Opponents argue that using an illegal drug such as MDMA carries significant risks both physically and psychologically, especially in patients who may be vulnerable due to pre-existing mental health conditions.
Despite the controversy surrounding its use in this context, clinical studies have demonstrated promising statistics regarding MDMA-assisted psychotherapy for treating PTSD. As more research is conducted into its potential applications, it will be important to continue monitoring possible side effects and evaluate whether or not it can remain a viable part of our growing list of therapeutic treatments for trauma survivors.
The Multidisciplinary Association for Psychedelic Studies (MAPS)
The Multidisciplinary Association for Psychedelic Studies (MAPS) is a non-profit research and educational organization founded by Rick Doblin in 1986 to investigate the benefits of psychedelic drugs. MAPS works to provide funding, perform research and develop legalization strategies aimed at creating a positive and legal context for the responsible use of these illicit compounds.
MAPS focuses on MDMA-based psychotherapies as a form of treatment for post-traumatic stress disorder, anxiety and other psychosocial disorders. In addition, they have been involved in developing protocols for marijuana clinics that would provide medical grade cannabis, which has already proven successful in multiple states across the nation. MAPS also organizes conferences, holds workshops and provides support for research into other psychedelic substances with potential medical applications such as psilocybin and ayahuasca.
Some vehemently oppose MAPS’ mission and characterize its actions in their attempts to legalize psychedelics as irresponsible. Nonetheless, proponents of MAPS point out that there is already overwhelming evidence of the therapeutic value psychedelics can have for many mental health issues and point to their work as an effort to change public opinion.
Despite controversial opinions on either side of this debate, Rick Doblin and MAPs have been integral in revitalizing groundbreaking scientific field studies on these drugs, thus reinvigorating the discussion around their potential uses – changing perceptions both inside and outside the scientific and clinical communities.
Legalization of Psychedelic Drugs
The legalization of psychedelic drugs is a highly debated issue, concerning both mental health professionals and the public at large. On one side of the argument, advocates suggest that more focus should be placed on the potential benefits associated with continuing research and eventual legalization of medicinal psychedelic drugs such as LSD, psilocybin, and MDMA. Proponents of psychedelics point to large-scale studies that have suggested possible therapeutic effects for treating psychological issues, including depression, PTSD and addiction. From this perspective, the legalization of psychedelics could improve patient care outcomes while increasing access to solutions for many psychological disorders and ailments.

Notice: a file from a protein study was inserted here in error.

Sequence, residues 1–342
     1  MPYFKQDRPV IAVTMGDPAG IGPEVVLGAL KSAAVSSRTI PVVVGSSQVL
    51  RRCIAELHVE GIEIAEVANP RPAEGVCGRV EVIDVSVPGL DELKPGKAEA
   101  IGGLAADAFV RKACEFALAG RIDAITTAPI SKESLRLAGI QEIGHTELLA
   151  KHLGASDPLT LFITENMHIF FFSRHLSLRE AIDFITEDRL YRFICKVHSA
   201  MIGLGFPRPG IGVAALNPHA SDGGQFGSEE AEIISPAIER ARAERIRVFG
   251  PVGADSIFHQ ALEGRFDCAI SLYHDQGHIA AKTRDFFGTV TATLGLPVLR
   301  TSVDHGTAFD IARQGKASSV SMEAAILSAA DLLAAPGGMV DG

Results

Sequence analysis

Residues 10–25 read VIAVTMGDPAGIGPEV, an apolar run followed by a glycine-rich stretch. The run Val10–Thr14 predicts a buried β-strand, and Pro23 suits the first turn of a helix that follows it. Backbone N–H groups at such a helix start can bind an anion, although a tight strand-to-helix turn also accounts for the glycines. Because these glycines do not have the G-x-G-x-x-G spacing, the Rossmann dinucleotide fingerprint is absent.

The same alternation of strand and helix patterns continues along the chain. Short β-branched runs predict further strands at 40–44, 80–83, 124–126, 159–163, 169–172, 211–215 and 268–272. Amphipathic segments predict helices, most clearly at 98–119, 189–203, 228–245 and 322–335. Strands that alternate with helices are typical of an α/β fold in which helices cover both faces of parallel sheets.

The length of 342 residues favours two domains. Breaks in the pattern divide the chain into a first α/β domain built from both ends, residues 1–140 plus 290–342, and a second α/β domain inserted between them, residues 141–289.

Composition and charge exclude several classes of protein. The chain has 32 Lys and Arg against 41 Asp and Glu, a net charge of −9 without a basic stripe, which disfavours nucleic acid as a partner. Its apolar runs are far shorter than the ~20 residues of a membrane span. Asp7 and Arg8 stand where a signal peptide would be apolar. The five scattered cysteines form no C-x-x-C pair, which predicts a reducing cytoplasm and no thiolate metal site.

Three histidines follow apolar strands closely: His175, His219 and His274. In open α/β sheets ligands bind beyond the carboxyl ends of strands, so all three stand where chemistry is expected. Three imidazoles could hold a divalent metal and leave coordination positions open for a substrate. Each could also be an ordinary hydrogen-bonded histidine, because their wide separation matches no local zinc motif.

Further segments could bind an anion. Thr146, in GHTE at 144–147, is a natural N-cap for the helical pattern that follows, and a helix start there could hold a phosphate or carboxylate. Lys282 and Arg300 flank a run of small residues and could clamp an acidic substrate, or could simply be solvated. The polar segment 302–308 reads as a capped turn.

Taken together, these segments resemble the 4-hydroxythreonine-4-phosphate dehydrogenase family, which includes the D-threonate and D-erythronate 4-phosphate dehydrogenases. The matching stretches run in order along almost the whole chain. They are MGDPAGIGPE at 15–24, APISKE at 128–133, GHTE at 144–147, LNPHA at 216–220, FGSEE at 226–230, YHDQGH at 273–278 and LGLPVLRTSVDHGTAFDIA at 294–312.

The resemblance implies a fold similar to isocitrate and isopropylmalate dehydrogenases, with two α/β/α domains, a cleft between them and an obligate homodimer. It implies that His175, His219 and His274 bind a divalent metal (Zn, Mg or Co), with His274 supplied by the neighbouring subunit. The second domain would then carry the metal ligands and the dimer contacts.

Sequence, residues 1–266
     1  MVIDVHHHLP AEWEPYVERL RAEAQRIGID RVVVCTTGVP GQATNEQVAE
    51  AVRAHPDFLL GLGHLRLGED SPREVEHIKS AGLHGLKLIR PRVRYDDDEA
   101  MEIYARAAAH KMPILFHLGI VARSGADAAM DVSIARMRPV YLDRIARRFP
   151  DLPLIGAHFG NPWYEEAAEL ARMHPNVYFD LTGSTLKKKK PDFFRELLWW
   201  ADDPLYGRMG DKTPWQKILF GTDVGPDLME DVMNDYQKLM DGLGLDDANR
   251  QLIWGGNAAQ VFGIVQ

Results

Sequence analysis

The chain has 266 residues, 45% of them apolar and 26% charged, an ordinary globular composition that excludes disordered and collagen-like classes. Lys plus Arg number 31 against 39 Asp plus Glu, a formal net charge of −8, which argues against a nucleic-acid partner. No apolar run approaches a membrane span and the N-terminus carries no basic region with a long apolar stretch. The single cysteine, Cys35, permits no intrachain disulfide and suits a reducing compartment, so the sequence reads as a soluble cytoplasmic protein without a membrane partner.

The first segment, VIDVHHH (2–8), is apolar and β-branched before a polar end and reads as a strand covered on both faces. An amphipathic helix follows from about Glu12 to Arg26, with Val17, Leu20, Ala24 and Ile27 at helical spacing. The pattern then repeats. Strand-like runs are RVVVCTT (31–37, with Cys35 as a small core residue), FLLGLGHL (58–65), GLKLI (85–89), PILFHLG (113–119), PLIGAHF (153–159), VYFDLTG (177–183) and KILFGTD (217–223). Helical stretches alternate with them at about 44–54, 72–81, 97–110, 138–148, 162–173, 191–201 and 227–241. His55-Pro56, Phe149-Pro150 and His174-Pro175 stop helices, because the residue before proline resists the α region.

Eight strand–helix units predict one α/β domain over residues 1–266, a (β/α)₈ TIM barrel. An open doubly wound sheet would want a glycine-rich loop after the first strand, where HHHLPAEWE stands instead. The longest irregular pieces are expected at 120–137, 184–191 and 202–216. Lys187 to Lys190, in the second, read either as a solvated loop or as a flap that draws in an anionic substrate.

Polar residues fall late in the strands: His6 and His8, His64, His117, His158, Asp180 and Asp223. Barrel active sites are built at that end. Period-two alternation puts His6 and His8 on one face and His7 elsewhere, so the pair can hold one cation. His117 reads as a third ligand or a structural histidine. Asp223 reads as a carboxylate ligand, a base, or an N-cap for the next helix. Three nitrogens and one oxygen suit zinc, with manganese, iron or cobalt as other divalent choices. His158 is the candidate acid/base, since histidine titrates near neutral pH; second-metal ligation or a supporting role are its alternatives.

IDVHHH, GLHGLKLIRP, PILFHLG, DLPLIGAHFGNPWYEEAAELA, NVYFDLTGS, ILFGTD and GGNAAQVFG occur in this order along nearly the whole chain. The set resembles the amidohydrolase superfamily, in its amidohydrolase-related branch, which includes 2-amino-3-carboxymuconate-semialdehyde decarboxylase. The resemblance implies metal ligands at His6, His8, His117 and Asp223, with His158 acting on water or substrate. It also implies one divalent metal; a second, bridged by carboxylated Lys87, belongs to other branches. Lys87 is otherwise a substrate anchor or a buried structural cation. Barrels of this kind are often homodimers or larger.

On the other hand, there are some valid arguments against legalizing psychedelic drugs. In particular, opponents contend that access to these drugs could lead to increased recreational use in vulnerable populations and impact overall public safety and well-being. Furthermore, experts caution that it may be impossible to control or effectively regulate the use of certain psychedelics among recreational users. As such, further research must be done by medical professionals before medicinal psychedelic drugs should be considered for the mainstream market.
At the end of the day, much work must still be done in order to adequately determine whether psychedelic drugs should be trusted within society. Until more research has been conducted to demonstrate their efficacy and safety, policymakers will likely remain hesitant to pursue full-scale legalization of psychedelic drugs. For now, Rick Doblin and MAPS continue their mission to demonstrate enough support for these substances in order to change public opinion regarding their use.
Mental Health Support & Crisis Intervention
Rick Doblin’s work with MAPS on psychedelic research has extended far beyond the lab and into creating practical applications. With the focus on mental health support, MAPS provides its own crisis intervention helpline, as well as online resources that aim to provide answers and solutions to those in need. In its mission to legitimize psychedelics’ therapeutic use, MAPS has created a lobbying body that is dedicated to advocating for mental health issues at each phase of need.
When it comes to psychedelic-assisted mental health support and crisis intervention, there is much debate surrounding the efficacy of psychedelics in treating certain conditions. On one hand, supporters of psychedelic-assisted therapies claim that there exists therapeutic potential in the use of certain drugs like MDMA and ayahuasca to treat conditions such as depression, PTSD and addiction. On the other hand, opponents warn about the potential risks associated with these substances, cautioning users not to overlook the side effects that can sometimes accompany psychedelic events–especially for those with a history of psychotic or mental health issues.
In any case, Rick Doblin and MAPS have taken an important step in attempting to provide mental health support services as well as paving a path forward for further research and even regulatory approval. As such, their impact on the medical community has been profound – both in terms of providing access to alternative therapies as well as bringing awareness to previously overlooked issues with potential treatments and medications.